It undoubtedly comes as no surprise that most human resource departments today are being negatively affected, sometimes seriously, by the slowing global economy. Because it is a support function whose connection to revenue generation and profits is typically viewed as distant and indirect, HR often faces proportionally larger cutbacks than other areas of the organization.
HR groups are also at the unenviable forefront of executing these cost-reduction efforts through processing layoffs, scaling back or stopping hiring, dealing with employee morale issues and facing the brunt of worker discontent.
Research conducted during the fall of 2008 and in January of this year by EquaTerra, a Houston-based outsourcing advisory firm, validates these trends. Figure 1 illustrates how HR organizations are being affected by economic conditions, and things have only gotten worse since this research was gathered.
Most HR organizations don't need more research to tell them things are bad and unlikely to get significantly better anytime soon. The more relevant questions are: How should HR leaders respond to market conditions? And what can they do to help their organizations as a whole weather the current storm?
Clearly, in today's environment, operational efficiency -- or performing required tasks more cheaply -- is paramount. There are many strategic activities HR leaders can do to help their organizations through tough times, but few organizations have the luxury of pursuing them without also addressing operational and cost-cutting issues.
The often-conflicting goals of providing more strategic value while simultaneously cutting costs and ensuring operational efficiency are not new ones for most HR organizations; however, the need to achieve these goals is even more of an imperative during times like these.
There are many tools HR groups use in efforts to become both more strategic and operationally efficient. Traditional change enablers, such as investing in new and more effective HRIT systems or re-engineering core HR processes, are less viable under current market conditions because of their costs and the length of time it takes to implement them. HR groups must find new and more efficient ways to undertake these types of efforts.
Smaller is Better?
HR groups are also increasingly adopting alternative service-delivery models such as shared services, HRIT outsourcing and HR business-process outsourcing as means to improve operations. If successfully executed, these models can help reduce costs, improve operational efficiencies and free up resources and management attention for more strategic work. Here too, the means to deploy the service models must evolve to reflect current market conditions.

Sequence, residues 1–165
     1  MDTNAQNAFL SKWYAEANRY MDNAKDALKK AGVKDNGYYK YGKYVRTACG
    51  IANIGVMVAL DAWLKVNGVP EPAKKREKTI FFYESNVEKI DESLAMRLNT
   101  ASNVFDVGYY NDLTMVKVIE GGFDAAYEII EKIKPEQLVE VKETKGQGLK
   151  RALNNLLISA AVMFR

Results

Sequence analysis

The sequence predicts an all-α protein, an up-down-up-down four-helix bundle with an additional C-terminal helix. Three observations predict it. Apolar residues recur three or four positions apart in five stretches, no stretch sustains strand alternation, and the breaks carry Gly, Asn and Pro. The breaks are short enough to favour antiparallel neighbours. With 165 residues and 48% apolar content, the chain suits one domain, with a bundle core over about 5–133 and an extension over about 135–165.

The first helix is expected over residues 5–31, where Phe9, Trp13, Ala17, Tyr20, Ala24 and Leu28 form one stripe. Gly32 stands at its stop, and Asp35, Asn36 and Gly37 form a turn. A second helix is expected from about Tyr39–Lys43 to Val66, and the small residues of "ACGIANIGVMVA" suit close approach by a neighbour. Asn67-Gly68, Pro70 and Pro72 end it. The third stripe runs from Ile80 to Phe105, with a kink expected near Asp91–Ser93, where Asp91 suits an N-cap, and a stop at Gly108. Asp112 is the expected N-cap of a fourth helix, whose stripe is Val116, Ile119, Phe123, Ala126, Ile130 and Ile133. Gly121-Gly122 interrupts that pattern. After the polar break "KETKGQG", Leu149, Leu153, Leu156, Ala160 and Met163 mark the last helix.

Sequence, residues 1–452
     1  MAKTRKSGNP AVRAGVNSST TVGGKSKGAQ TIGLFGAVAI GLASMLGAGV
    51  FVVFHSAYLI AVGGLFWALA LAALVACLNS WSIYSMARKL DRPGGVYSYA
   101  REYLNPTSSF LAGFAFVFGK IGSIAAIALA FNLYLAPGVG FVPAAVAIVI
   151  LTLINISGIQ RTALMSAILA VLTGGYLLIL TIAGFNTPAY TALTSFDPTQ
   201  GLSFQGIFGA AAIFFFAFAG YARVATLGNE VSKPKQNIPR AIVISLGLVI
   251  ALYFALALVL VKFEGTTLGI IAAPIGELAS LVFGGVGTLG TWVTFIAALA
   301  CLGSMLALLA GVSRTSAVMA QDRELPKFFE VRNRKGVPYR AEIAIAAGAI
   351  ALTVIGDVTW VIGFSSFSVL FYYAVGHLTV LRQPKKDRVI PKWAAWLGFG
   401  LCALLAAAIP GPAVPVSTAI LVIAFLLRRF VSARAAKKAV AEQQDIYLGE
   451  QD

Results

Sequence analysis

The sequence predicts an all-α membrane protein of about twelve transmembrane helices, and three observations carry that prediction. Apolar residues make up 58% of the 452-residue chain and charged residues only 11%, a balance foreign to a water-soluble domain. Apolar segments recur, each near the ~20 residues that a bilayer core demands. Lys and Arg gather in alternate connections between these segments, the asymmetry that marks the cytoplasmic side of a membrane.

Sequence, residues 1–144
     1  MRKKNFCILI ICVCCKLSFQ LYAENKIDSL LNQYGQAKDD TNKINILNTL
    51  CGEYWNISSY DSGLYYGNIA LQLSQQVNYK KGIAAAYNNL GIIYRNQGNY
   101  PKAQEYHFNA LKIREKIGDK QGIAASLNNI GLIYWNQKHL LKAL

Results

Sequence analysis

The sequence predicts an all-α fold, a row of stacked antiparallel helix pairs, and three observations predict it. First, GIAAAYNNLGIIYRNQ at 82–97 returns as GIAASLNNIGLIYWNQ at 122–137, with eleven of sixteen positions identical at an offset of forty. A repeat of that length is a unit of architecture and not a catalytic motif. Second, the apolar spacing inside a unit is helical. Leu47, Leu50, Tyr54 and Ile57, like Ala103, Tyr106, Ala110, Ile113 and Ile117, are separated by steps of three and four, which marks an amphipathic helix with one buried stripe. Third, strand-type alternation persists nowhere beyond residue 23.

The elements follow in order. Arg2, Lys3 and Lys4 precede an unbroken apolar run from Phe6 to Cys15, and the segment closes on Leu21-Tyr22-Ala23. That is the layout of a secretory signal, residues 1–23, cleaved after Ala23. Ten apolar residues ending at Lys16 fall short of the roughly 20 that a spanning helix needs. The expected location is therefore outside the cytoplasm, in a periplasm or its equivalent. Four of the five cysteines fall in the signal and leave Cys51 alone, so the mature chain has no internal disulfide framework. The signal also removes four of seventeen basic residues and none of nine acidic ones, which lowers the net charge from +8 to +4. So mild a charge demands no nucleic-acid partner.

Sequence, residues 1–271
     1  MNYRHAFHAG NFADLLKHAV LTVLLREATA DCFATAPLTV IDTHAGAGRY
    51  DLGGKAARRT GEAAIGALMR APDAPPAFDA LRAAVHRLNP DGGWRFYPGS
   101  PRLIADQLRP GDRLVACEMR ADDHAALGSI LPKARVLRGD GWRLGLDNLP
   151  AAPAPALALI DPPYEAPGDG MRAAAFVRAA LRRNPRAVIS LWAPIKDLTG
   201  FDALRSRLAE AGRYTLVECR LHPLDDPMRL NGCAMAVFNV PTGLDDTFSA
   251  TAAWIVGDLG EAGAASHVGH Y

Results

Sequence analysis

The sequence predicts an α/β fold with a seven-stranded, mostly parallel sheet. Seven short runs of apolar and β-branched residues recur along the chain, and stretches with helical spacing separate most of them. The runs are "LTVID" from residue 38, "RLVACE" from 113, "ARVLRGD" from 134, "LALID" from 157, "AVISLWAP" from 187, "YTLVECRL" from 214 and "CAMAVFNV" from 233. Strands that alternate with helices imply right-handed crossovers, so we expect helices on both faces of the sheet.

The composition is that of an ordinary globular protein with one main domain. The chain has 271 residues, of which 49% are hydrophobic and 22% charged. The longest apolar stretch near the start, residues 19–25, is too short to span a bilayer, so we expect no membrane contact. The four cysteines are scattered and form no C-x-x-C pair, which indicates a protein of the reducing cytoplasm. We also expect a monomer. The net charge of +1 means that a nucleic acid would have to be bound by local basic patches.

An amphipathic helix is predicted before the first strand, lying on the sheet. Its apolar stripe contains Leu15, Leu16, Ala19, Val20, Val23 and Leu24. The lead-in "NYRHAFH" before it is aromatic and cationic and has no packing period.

"Mega-HRO deals" that bundled several HR processes, including HRIT, into larger, long-term outsourcing efforts were popular over the last several years, but proved much more challenging to both buyers and service providers to undertake successfully.
More recently, smaller one- and two-process HR outsourcing deals have become more popular. So, too, have alternatives to traditional outsourcing models, such as deploying HR Software-as-a-Service solutions.
The question today is: Does it still make sense for HR groups to pursue the deployment and expansion of alternative service-delivery models like outsourcing in these tough economic times? Or are the costs and complexities of undertaking these efforts too much to bear and the potential risk of failure too great?
The experiences of EquaTerra's clients, along with our research efforts, indicate that organizations are slowing and rethinking current and planned HRO efforts. There are many reasons for this, but most do not point to an inherent decline in the desire to do HR outsourcing. Rather, they represent the need to re-evaluate outsourcing needs as well as the best process to use to undertake new efforts.
Figure 2 illustrates the impact of economic conditions on outsourcing demand levels and deal flow. These findings are from EquaTerra's "Pulse" survey of advisers and service providers conducted during the fourth quarter of 2008.
Fifty-four percent of the advisers and service providers indicated that economic conditions are causing buyers to slow or rethink outsourcing. The emphasis here is on slowing, not stopping. Rethinking is occurring in the context of new scope, terms and goals, not whether to eventually go forward or not.